Transport Minister: Rail service needs to be cost-efficient
Transport Minister Khaw also warns LTA, as regulator, not to get too cosy with rail operators at the expense of consumer welfare
Transport Minister Khaw Boon Wan yesterday acknowledged that rail operators had not invested enough in maintenance in the past, but he cautioned against overspending in future.
He also warned of regulatory capture, where the regulator - the Land Transport Authority (LTA), in this case - becomes too cosy with the regulated.
"A regulator working closely with the industry to advance consumer welfare is good. But a regulator getting too comfortable with the industry, neglecting consumer welfare, will be crossing a red line," he said.
Mr Khaw was speaking at the eighth Joint Forum on Infrastructure Maintenance at the LTA headquarters in Hampshire Road, where he emphasised the need to focus on cost efficiency.
"A reliable rail service requires substantial investments, both in capital expenditure for timely renewal of ageing assets, and in operating expenditure to fund operations and maintenance (O&M) adequately," he said.
It also requires a unified approach in tackling rail issues, Mr Khaw added, something which he quickly put in place when he assumed the transport portfolio in 2015.
He said that an "unambiguous One Transport culture" has been key to Singapore turning its problematic rail network around, with reliability at one million train-km between delays several folds better than what it was in 2012.
"Whether it is MOT (Ministry of Transport), LTA, SMRT, SBST (SBS Transit) or the OEMs (original equipment manufacturers), we share a common goal of delivering a reliable, safe and affordable rail service," he noted.
"We play different roles and report to different employers, but our common customer is the Singapore commuter."
Mr Khaw added: "However, be mindful of the risks of regulatory capture."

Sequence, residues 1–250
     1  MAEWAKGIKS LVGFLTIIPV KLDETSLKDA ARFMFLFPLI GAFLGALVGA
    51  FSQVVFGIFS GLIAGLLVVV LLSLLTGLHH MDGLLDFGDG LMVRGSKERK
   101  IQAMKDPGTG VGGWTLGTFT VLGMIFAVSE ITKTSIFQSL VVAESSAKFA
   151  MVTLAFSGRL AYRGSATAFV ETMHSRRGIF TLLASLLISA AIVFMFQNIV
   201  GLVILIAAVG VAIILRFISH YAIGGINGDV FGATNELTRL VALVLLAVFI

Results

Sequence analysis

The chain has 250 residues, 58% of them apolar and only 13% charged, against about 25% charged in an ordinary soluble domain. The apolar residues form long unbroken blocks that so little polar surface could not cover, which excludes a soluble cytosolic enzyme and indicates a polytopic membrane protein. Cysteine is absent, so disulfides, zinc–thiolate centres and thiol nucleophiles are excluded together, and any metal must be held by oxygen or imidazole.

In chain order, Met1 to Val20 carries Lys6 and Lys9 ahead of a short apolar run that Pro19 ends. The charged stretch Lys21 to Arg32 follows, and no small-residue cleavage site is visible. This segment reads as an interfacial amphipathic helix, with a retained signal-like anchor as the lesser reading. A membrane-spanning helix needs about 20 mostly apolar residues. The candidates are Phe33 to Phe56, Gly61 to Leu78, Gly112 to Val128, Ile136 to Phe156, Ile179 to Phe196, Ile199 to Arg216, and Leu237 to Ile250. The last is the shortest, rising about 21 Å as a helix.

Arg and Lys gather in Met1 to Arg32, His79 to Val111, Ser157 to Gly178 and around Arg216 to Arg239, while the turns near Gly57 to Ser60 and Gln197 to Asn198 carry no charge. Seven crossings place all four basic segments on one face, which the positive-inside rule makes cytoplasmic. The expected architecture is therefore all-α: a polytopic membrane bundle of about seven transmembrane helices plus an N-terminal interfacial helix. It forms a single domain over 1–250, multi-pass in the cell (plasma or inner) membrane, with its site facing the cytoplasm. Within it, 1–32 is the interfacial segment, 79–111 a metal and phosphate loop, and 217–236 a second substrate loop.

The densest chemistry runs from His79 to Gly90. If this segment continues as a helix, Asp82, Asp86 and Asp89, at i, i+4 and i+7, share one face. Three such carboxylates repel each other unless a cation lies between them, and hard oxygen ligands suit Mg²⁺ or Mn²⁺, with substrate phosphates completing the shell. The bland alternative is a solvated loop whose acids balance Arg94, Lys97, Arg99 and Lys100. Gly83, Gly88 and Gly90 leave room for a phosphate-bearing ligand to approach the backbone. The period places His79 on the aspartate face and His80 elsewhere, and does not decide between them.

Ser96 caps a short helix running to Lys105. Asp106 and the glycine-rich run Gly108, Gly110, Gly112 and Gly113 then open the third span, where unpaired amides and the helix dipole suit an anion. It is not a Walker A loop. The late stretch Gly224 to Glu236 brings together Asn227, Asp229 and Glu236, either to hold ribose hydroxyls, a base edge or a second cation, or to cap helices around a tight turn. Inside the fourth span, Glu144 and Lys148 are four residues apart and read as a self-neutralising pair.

He cited the recent Boeing 737 Max incidents, where the US Federal Aviation Administration failed to ground the defective planes until much later.
Mr Khaw said Singapore has corrected the under-investment in O&M "in our recent past history, when some operators got distracted".
"We have corrected this, but going forward, we can get distracted again or we may even go overboard and 'gold-plate' O&M at the expense of commuters who, at the end of the day, have to fund the operation."
Mr Khaw said that striking a balance requires sound judgment.
He added: "Regular benchmarking against foreign operators will provide a useful reality check.
"Don't be arrogant. What happened could happen again."
Mr Khaw, who is also Coordinating Minister for Infrastructure, said Enterprise Singapore had set up a Technical Committee on Railway Systems.
"They are working with the rail operators to formulate Singapore Rail O&M standards to raise the reliability, safety and productivity of railway systems, as well as building the capabilities and expertise of our local enterprises to service the railway sector in Singapore and potentially the region.
"This will profile Singapore rail engineering and insert ourselves into the global rail industry in a meaningful way."
In his speech, Mr Khaw thanked veteran water engineer Tan Gee Paw, saying Mr Tan agreed readily when asked for help four years ago.
"He thought out of the box, imagined unpleasant scenarios" and identified potential problems so they could be pre-empted, Mr Khaw said, adding that Mr Tan spoke to him about flooding risk "a couple of weeks before the Bishan (tunnel) flooding in 2017".
On Oct 7 that year, the tunnel between Bishan and Braddell MRT stations was flooded, causing a major service disruption. It was a result of poor maintenance of an anti-flooding system.
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